The 1893 World’s Fair in Chicago—known at the time as the Columbian Exposition—celebrated the 400th
anniversary Christopher Columbus’ arrival in the Americas. The enormous exhibition featured many wondrous exhibits,
including the United States’ first gas-powered motorcar, the Daimler quadricycle, and a 1,500-pound statue of the
Venus de Milo made of chocolate. However, the World’s Fair became better known for a structure that was more
gruesome than organizers could have imagined—the so-called “Murder Castle” of H.H. Holmes, America’s first
documented serial killer.
Who Was H. H. Holmes?
H. H. Holmes was born Herman Webster Mudgett in New Hampshire in 1861. As an adult, he abandoned his young
wife and child in 1885 to move to Illinois. Once there, he changed his name to Holmes, reportedly as an homage to the
fictional English detective Sherlock Holmes, the literary creation of author Sir Arthur Conan Doyle.
Soon after his arrival in the Chicago area, Holmes took up work at a pharmacy located near Jackson Park. Eight years
later, Jackson Park would become the site of the 1893 World’s Fair.
The Columbian Exposition, as it was called, was designed by some of America’s leading architects, including Frederick
Law Olmstead, and included exhibits from more than 40 countries.
The event attracted more than 27 million visitors to Chicago, an incredible number considering the limited
transportation options of the time. Holmes took advantage of some of the many visitors to the city, including young
women who came to Chicago for jobs at the fairgrounds.
The ‘Murder Castle’
Historians believe Holmes, a masterful and charismatic con artist, had swindled money from his drugstore employers.
He purchased an empty lot in the Englewood neighborhood of Chicago, and built a labyrinthine structure with shops
on the first floor and small apartments above.
This edifice became known as Holmes’ booby-trapped Murder Castle. According to sensationalist reports, the space
featured soundproof rooms, secret passages and a disorienting maze of hallways and staircases. The rooms were also
allegedly outfitted with trapdoors over chutes that dropped Holmes’ unsuspecting victims to the building’s basement.
The basement, claims said, was a macabre facility of acid vats, pits of quicklime (often used on decaying corpses) and a
crematorium, which the killer used to finish off his victims. All of these descriptions, however, were described by what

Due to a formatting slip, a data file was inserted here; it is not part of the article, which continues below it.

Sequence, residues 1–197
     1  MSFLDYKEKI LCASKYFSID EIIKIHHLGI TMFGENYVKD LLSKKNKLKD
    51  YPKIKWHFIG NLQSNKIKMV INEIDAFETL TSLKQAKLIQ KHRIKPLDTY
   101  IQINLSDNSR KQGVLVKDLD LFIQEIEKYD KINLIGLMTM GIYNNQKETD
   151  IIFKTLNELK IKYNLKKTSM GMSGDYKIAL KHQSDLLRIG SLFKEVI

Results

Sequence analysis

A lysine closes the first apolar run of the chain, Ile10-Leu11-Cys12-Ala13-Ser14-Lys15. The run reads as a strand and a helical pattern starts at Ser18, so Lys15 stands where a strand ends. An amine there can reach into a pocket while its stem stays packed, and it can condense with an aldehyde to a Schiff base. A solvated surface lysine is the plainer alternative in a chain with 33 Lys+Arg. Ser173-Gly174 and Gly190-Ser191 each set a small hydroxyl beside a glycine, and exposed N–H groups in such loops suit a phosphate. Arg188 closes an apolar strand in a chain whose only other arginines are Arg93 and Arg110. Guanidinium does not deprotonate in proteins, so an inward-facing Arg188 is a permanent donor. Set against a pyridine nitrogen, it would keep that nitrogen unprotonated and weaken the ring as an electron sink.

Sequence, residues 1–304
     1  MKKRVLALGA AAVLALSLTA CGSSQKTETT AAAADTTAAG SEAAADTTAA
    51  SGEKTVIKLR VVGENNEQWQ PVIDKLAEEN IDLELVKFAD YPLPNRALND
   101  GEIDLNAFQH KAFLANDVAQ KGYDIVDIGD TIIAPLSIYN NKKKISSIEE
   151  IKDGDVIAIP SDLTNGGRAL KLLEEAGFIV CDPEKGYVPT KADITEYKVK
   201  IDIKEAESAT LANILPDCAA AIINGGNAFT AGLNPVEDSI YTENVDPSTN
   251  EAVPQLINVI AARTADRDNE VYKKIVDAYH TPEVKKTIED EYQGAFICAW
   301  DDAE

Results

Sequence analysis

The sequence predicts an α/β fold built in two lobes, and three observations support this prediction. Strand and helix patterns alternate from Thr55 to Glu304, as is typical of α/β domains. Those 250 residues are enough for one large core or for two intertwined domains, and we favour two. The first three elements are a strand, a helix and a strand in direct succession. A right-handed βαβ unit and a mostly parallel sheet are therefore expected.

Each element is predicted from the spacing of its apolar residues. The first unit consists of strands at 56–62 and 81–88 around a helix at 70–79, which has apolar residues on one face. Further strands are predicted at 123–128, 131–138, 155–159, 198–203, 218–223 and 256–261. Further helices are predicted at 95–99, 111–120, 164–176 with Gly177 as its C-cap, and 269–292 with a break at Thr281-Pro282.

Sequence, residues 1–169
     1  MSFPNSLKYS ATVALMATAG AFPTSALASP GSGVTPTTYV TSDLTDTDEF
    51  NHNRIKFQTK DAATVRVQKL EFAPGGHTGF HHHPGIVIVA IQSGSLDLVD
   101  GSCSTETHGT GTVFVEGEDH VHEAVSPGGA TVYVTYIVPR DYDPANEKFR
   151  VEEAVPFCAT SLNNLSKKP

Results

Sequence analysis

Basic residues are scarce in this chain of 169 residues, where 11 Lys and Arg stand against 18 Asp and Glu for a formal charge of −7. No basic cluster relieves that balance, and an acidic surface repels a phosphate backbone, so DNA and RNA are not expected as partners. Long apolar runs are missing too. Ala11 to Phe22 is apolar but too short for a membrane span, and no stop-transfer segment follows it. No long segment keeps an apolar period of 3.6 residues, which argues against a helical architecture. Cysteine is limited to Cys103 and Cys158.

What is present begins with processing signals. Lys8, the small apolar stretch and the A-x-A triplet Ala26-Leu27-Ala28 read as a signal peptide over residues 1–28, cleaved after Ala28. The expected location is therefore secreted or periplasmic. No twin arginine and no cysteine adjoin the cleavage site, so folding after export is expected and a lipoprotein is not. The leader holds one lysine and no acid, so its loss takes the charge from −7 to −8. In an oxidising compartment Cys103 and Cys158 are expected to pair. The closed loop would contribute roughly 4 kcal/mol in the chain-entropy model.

were likely overly embellished or even fabricated news reports in the 1890s.
While reports suggest Holmes killed as many as 200 people in his sinister lair, his actual number of victims may have
been much lower. The number of his victims is still debated by historians.
Holmes was apprehended soon after he fled Chicago, in October 1893, following the conclusion of the World’s Fair. He
was arrested in Boston and eventually suspected of murdering his assistant, Benjamin Pitezel, and two of Pitezel’s
Interestingly, while on the run, Holmes had misled Pitezel’s wife as well, collecting the insurance money for his former
assistant and living with his widow and three of their children. Police eventually discovered the body of one of the
murdered children, and this discovery led to Holmes’ arrest.
Following his arrest, Holmes claimed to have killed more than 200 people in his Murder Castle. He ultimately confessed
to murdering Pitezel and two of his daughters. And experts now believe he may have, in fact, killed as few as nine—
still a significant number, but not the scores the killer claimed.
While in captivity, awaiting his trial and sentencing, Holmes authored an autobiography, Holmes’ Own Story, in which
he wrote, “I could not help the fact that I was a murderer, no more than the poet can help the inspiration to sing.”
The most famous literary work on Holmes, however, is the best-selling non-fiction novel The Devil in the White City by
Erik Larson, which was published in 2003.
After a brief incarceration, Holmes was S for his crimes in Philadelphia in 1896. His body is buried in Holy Cross
Cemetery outside the Pennsylvania city.
What Happened to the Murder Castle?
Despite Holmes’ arrest and execution, rumors have persisted for more than a century that the serial killer bribed
authorities to avoid punishment. The theories suggest that Holmes was allowed to escape and that officials hanged
In response to these rumors, in March 2017, Holmes’ descendants, who live in Delaware, petitioned to have his remains
exhumed so that they can undergo DNA testing. The results concluded the remains did in fact belong to Holmes.
Meanwhile, the fate of the site of the killer’s exploits is also shrouded in intrigue. With Holmes, allegedly, safely
ensconced in prison, in 1895, the Murder Castle was gutted by fire, after witnesses reportedly saw two men entering
the building late one night.
The building itself remained standing until 1938, when it was torn down. The site is now occupied by the Englewood
branch of the U.S. Post Office.
By Cynthia N.